Jails unsafe and 'full of drugs', says Chief Inspector of Prisons

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Jails in England and Wales are unsafe and "full of drugs", the Chief Inspector of Prisons has said.

Peter Clarke warned the issues affecting prisons around the country risk creating a "major obstruction" to the Government's reform plans.

He described a "failure of leadership" seen in some establishments and criticised a fall in how many of his recommendations are implemented.

Ministers are attempting to address a safety crisis behind bars amid soaring levels of violence and self-harm.

Last year Justice Secretary Liz Truss unveiled a wide-ranging programme of reforms, including a recruitment drive to add 2,500 frontline officers and measures to crack down on drugs and mobile phones.

Asked what was wrong with prisons, Mr Clarke told MPs: "Basically they are unsafe, they are full of drugs. We have an ageing population.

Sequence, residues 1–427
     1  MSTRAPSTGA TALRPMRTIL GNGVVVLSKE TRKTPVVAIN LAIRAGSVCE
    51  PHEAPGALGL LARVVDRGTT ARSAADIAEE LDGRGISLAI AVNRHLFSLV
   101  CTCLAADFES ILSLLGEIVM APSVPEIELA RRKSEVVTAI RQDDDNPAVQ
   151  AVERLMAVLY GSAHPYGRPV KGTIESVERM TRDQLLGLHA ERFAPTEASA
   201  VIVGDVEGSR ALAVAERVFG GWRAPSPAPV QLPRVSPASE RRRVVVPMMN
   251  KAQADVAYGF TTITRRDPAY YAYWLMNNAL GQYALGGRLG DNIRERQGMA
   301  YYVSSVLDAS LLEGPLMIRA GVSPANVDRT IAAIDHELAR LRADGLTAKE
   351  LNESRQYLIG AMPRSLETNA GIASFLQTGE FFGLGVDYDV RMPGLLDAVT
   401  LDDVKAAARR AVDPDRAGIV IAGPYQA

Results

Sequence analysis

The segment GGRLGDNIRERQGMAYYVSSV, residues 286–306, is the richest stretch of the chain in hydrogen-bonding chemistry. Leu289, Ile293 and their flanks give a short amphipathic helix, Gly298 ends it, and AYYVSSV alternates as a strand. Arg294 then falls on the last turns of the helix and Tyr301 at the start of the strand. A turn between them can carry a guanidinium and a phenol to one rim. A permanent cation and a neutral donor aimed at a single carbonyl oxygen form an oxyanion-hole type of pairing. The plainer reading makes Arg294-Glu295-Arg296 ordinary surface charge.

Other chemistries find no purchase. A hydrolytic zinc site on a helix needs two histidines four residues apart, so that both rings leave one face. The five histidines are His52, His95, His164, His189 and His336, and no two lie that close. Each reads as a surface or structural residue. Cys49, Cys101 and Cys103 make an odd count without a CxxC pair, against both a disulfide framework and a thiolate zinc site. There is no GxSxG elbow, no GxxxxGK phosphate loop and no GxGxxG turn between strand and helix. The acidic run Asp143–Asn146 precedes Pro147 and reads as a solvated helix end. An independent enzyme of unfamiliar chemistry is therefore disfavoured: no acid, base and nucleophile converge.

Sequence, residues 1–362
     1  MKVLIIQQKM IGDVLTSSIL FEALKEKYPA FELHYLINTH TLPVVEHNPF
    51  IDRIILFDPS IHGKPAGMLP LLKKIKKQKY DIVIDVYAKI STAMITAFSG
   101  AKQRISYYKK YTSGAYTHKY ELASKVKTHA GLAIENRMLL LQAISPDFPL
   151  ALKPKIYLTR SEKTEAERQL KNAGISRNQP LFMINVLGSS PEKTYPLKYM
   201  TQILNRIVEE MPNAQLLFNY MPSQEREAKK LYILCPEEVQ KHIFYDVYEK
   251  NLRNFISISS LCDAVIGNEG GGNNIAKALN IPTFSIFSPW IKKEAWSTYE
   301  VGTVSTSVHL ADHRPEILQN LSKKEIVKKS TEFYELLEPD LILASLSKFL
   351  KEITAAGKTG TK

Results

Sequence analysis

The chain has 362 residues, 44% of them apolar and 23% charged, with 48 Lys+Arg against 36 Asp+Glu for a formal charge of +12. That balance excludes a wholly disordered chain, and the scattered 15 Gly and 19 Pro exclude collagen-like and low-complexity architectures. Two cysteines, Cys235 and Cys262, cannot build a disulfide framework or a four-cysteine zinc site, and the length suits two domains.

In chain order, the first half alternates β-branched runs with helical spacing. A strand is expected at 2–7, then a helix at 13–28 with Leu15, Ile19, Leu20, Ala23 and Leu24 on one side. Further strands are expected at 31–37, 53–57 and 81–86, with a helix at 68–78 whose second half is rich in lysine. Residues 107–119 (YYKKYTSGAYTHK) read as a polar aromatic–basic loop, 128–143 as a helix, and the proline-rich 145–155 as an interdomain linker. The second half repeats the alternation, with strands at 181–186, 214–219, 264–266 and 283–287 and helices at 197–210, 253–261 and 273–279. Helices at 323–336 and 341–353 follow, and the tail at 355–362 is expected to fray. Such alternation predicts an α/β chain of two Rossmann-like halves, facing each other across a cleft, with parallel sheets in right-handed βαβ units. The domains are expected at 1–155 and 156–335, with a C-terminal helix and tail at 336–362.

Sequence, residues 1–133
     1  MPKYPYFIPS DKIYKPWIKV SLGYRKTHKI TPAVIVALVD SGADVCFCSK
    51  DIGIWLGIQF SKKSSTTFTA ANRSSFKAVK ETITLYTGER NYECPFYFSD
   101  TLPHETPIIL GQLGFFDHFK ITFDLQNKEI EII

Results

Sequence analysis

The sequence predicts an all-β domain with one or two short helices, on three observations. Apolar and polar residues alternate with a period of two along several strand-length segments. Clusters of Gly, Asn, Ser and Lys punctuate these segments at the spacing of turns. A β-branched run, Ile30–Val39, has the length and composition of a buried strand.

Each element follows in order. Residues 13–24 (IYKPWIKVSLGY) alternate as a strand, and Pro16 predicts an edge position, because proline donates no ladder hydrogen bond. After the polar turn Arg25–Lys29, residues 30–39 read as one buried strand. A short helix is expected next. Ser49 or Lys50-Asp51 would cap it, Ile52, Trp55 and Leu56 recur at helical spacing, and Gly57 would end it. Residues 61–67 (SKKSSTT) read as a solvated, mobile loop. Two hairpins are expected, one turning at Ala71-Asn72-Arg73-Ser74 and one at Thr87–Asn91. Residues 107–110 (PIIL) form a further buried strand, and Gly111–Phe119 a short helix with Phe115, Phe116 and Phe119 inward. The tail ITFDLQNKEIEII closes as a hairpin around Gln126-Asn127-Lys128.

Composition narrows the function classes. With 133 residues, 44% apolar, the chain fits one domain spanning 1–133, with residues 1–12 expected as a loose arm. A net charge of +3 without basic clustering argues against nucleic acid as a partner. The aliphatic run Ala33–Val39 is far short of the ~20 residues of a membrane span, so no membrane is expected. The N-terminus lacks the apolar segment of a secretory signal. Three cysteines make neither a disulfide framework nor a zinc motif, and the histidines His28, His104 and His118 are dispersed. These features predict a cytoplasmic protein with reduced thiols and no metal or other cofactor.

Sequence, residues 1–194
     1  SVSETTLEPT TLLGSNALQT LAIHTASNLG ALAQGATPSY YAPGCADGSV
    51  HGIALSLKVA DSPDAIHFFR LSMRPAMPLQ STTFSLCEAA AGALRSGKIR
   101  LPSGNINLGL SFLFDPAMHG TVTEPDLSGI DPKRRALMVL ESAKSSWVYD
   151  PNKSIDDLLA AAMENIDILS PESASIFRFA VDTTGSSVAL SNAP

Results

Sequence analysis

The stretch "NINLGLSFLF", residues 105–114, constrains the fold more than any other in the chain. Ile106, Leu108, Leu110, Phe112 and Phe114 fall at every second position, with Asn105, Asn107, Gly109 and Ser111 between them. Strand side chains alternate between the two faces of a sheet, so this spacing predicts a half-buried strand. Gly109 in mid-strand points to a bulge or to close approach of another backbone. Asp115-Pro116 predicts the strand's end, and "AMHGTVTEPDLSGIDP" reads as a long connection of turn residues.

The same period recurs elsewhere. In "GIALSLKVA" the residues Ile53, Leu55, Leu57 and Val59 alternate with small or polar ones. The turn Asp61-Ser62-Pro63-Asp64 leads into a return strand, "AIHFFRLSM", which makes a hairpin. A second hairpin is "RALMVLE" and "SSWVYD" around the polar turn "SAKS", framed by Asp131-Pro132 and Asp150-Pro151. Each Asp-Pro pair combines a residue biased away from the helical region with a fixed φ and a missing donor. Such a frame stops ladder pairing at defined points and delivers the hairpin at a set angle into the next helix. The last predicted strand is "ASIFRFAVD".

"The physical environment is appalling and there are far too many people in our prisons who are suffering from mental health issues.

"In my judgment those five issues will create a major obstruction to the reform programme."

Appearing at the Commons Justice Committee, Mr Clarke said the issues were frequently referred to in his office's reports.

He spoke of his frustration that recommendations made on the back of inspections appear to "fall on deaf ears" in some instances.

There has been a decline in the number of recommendations overall that have been implemented over the last year, MPs heard.

Mr Clarke added that "most worryingly" this trend was being seen in the area of safety.

He said: "We are now in a position where more of our recommendations on the subject of safety are not being achieved than are being achieved."

Mr Clarke said it was "absolutely clear" that there is a "failure of leadership in some prisons, not all".

He identified "visible leadership" as a key element.

"As I walk around the wings of a prison, if I get a group of prisoners approach me and say, 'Are you the governor?' that tells me an awful lot about the visibility of the leadership in that prison," Mr Clarke said.

The scale of the problems in prisons was laid bare last week with the publication of official figures showing suicides, assaults and self-harm have all surged to new peak levels.